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Imagine what a JC Penney catalog from 1970 would sound like. The exact opposite of those Caretaker albums. -Ian!

The commercial failure of the Free Design remains one of the most baffling mysteries in the annals of pop music — with their exquisitely celestial harmonies, lighter-than-air melodies and blissful arrangements, the group’s records were on par with the work of superstar contemporaries like the Beach Boys, the Association and the Cowsills, yet none of their singles even cracked the Hot 100. The Free Design originally comprised siblings Chris, Bruce and Sandy Dedrick, natives of Delevan, New York whose father Art served as a trombonist and arranger with Vaughn Monroe; when Chris moved to New York City in 1966 to attend the Manhattan School of Music, he recruited Bruce (now living on Long Island) and Sandy (a teacher in Queens) to form a folk group, and soon the trio emerged as a popular attraction on the Greenwich Village coffeehouse circuit.

“It’s a young thing — and it’s a different thing!” — so proclaimed the back cover of the handsome gatefold jacket on the Free Design’s debut album, in words that couldn’t have dissuaded more people under 30 from buying the album if the makers had tried. And that’s a crying shame, because Kites Are Fun was a glorious product of the same zeitgeist that yielded the Sgt. Pepper’s Lonely Hearts Club Band album and a dozen other triumphant pop-psychedelic albums. Kites Are Fun is almost an East Coast answer to the work of the Mamas & the Papas or Spanky & Our Gang, falling between the former at their most subtle and the latter at their most ethereal. The album is very much a product of its era, a lyrical, boundlessly cheerful body of music featuring gentle orchestral accompaniment and glittering sound, and some of it — such as “Make the Madness Stop” — possesses a vaguely spiritual content. Sandy Dedrick gets a brilliant solo showcase on “When Love Is Young,” while “The Proper Ornaments” returned to a group setting with elegant trumpet and cello accompaniment. There’s at least one follow-up to “Kites Are Fun,” entitled “Umbrellas,” that should have gotten a hearing, and a swinging, upbeat showcase for all of the singers entitled “Never Tell the World”; and, in addition to the group members’ originals, the 13 songs include highly ornate covers of Simon & Garfunkel’s “Feelin’ Groovy” and the Beatles’ “Michelle” (beautifully deconstructing both songs and re-imagining them with new tempi and choruses), and the movie-spawned hit “A Man and a Woman.” It’s all worth tracking down in used-record bins (the jacket is a beautiful artifact of its era) or buying on remastered CD.

On the Free Design’s 1970 record, Stars/Time/Bubbles/Love, not much has changed with the Dedrick clan. The group’s amazing vocal harmonies are still very much in evidence, the lush arrangements are still fuller than Grizzly Adams’ beard, and the songs, like the cute and silly “Kije’s Ouija” and the finger-snappingly groovy “Keep Off Your Frown” (which sounds like an unlikely cross between Oscar Brown, Jr. and the Zombies), are still lighthearted and fun. Most of the songs sound like they exist in the the Dedricks’ own strange little world of harmony and childlike innocence; the only one that sounds influenced by the times is “I’m a Yogi,” which has sitars, a mild psychedelic break, and groovy lyrics. It sounds more like Yogi Bear than the Maharishi, but then that is the charm of the Free Design. The record is filled with some of the band’s best work: the bouncy, perky “Bubbles” (a song later covered by Dressy Bessy on the Powerpuff Girls soundtrack record); the sweet “Butterflies Are Free,” which features the Dedrick sisters on lead vocals; the brash (for them) “That’s All, People,” which sounds like a lost Jimmy Webb track, with great vocal interplay among the siblings; and the strangely bossy Christmas tune “Close Your Mouth (It’s Christmas).” The only track that falls short is their cover of “Raindrops Keep Falling on My Head,” which is the rare Free Design effort that sounds like run-of-the-mill elevator music. Pretty much any Free Design recording is going to be a treasure for fans of intelligent, witty, and above all, sophisticated sunshine pop. Stars/Time/Bubbles/Love is no exception.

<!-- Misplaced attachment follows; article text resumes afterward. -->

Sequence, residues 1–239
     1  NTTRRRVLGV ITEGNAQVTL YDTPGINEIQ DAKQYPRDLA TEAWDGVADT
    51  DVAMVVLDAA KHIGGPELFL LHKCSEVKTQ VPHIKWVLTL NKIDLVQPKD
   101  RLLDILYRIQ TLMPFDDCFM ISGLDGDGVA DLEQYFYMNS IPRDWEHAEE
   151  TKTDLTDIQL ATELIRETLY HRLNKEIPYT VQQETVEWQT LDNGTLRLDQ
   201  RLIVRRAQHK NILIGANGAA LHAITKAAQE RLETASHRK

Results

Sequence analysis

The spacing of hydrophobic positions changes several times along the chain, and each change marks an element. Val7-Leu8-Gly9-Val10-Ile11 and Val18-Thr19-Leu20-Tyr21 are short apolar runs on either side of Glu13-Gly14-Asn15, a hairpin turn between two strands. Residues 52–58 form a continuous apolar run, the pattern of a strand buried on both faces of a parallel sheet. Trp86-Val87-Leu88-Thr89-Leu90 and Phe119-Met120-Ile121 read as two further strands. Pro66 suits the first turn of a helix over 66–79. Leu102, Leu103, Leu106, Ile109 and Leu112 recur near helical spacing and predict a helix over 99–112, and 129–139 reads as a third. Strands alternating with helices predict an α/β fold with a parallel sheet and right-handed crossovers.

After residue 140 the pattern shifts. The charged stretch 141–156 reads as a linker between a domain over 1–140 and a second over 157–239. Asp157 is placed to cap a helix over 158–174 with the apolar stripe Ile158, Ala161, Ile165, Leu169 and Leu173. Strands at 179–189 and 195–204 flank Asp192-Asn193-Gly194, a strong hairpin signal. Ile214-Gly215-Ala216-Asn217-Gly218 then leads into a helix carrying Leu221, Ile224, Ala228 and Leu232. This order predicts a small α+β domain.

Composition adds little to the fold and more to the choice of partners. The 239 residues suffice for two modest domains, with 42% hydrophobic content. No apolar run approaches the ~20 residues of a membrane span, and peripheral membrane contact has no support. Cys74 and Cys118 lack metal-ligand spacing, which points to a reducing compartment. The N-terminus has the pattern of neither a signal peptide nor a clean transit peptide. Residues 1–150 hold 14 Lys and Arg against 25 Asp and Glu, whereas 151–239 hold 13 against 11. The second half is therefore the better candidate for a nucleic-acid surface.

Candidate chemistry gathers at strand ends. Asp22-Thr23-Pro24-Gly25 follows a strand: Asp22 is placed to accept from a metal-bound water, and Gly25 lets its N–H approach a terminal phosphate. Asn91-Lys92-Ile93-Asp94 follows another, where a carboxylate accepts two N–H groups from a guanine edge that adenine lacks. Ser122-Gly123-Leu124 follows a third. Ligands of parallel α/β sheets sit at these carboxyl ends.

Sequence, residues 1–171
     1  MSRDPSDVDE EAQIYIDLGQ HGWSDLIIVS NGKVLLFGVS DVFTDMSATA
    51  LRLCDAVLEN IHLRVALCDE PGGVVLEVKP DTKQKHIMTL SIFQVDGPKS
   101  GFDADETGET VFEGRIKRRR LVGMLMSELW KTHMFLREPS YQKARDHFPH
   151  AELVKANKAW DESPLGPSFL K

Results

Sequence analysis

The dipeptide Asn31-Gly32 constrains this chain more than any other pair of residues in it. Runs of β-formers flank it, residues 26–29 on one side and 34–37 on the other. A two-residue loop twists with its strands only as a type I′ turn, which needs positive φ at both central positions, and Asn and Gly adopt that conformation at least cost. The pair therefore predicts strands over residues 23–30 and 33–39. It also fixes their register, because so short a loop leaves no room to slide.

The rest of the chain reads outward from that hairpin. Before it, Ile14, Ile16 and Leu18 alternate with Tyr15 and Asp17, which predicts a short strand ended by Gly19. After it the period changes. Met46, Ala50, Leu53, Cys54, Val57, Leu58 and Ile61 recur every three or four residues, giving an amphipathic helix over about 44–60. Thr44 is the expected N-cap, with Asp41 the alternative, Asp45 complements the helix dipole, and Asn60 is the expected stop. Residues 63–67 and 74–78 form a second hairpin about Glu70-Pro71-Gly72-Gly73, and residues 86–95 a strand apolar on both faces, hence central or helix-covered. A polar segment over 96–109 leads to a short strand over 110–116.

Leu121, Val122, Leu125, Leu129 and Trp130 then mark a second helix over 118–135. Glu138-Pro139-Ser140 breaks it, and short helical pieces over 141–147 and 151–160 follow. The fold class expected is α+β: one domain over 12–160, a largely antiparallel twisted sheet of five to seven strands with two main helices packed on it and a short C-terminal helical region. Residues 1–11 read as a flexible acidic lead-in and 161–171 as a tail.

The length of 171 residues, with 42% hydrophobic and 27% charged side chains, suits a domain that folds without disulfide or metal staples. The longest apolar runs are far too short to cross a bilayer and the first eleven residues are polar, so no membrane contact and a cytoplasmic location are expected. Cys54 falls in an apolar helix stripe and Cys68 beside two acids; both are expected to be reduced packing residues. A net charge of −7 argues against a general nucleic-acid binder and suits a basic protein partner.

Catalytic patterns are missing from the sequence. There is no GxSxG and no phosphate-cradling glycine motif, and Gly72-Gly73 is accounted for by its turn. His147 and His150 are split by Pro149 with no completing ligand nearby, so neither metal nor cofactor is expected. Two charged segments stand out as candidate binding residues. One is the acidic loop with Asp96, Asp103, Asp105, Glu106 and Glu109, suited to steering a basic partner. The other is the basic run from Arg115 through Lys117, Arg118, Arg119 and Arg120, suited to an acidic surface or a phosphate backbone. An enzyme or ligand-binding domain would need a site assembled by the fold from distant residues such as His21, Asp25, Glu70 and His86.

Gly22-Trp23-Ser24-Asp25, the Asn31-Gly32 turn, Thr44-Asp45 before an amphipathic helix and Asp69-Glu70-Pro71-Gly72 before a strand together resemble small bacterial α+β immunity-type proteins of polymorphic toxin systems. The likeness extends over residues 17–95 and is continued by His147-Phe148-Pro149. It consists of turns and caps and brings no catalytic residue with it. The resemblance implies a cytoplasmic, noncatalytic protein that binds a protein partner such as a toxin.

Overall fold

-Tim Sendra,




  1. Kites Are Fun has been one of my favorite records since hearing it in 2005. I use this album as a sort of litmus test when making new friends– if new friend in question doesn’t think My Brother Woody is both beautiful and hilarious, then I immediately decide that this person will have a hard time accessing any part of my psyche. I have a freakish obsession with the 59th Street Bridge Song, and the Free Design’s version is probably the best one of I’ve heard. I’m not quite as into Stars/Time/Bubbles/Love, but I recommend finding the song “I Found Love”– not sure what album it’s on.

  2. Hi from CyThanks for this share, which I have been searching for but only found having downloaded Yoko Ono earlier. Your site is an Alladin's Cave and I will return.What I like about The Free Design is that on listening to their music, the past is made present.There was a time when music was made as classy as this.A kite is not just something that flutters in the blue sky, given time it could brush a mountain away, given time.Cy from Pck.

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